By Brent Kendall and AnnaMaria Andriotis
The Justice Department filed an antitrust lawsuit Thursday that seeks to block Visa Inc.'s $5.3 billion deal to acquire Plaid Inc., a key player in the financial-technology space.
The department brought the case in a Northern California federal court, alleging the deal would eliminate the nascent but significant competitive threat that Plaid poses to Visa in the online debit market. The acquisition would allow Visa to unlawfully maintain a monopoly in online debit, leading to higher prices, less innovation and higher entry barriers for online debit services, the department alleged.
"If allowed to proceed, the acquisition would deprive American merchants and consumers of this innovative alternative to Visa," said Assistant Attorney General Makan Delrahim, the department's antitrust chief.
"American consumers and business owners increasingly buy and sell goods and services online, and Visa -- a monopolist in online debit service -- has extracted billions of dollars from those transactions," Mr. Delrahim said.
A Visa spokesman said the lawsuit is "legally flawed and contradicted by the facts...The combination of Visa and Plaid will deliver substantial benefits for consumers seeking access to a broader range of financial-related services, and Visa intends to defend the transaction vigorously."
"Visa's business faces intense competition from a variety of players -- but Plaid is not one of them," the spokesman added.
Plaid declined to comment.
The Justice Department had been scrutinizing the deal since early this year. The Wall Street Journal reported last week that the transaction was facing legal jeopardy, with the department making preparations for potential litigation.
The case comes as the department is placing more emphasis on antitrust scrutiny of the financial sector. Recent cases also show the department increasing its focus on protecting future competition, even in circumstances where two companies aren't currently major head-to-head rivals.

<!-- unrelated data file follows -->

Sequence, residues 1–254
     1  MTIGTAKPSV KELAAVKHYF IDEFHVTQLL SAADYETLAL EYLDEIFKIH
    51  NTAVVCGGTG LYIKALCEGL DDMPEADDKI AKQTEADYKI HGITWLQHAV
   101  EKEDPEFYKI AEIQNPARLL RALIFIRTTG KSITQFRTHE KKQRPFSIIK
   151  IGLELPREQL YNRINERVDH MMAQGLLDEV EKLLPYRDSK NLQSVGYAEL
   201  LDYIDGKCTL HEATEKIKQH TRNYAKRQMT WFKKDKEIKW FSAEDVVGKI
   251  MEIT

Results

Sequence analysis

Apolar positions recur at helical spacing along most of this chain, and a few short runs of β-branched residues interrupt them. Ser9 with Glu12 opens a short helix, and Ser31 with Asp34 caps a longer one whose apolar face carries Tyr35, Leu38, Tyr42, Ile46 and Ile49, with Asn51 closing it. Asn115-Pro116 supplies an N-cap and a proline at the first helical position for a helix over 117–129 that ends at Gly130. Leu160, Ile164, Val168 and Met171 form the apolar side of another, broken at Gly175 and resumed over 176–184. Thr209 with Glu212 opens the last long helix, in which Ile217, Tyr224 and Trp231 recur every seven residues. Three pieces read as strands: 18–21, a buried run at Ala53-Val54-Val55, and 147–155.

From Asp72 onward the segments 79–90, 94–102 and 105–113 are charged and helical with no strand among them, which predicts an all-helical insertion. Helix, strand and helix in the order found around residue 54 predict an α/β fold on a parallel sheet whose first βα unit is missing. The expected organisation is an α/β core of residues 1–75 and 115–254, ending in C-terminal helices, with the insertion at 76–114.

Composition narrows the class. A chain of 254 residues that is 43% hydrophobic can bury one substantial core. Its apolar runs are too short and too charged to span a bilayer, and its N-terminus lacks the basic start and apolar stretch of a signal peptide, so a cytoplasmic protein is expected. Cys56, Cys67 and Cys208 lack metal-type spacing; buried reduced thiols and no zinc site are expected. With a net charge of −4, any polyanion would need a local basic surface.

The lawsuit adds another major antitrust case to the department's portfolio. Last month, the department filed a long-awaited case against Alphabet Inc.'s Google , alleging the company was unlawfully preserving a monopoly in search and search advertising. Google denies the allegations.
Visa is the largest U.S. card network, accounting for the largest dollar amount of credit, debit and prepaid transactions. It accounted for about 70% of debit and prepaid transactions during the first half the year, according to the Nilson Report, a trade publication.
Online debit payments, meanwhile, have been growing during the coronavirus pandemic as more people shift to shopping from their homes rather than in stores.
Plaid provides the technological infrastructure underpinning an array of next-generation financial apps, including Venmo, the digital money-transfer service owned by PayPal Holdings Inc. It has been viewed by fintech companies and merchants as a platform that could one day enable consumers to make purchases without having to rely on debit and credit cards, instead allowing for payments to be made directly from a consumer's bank account to a merchant's account.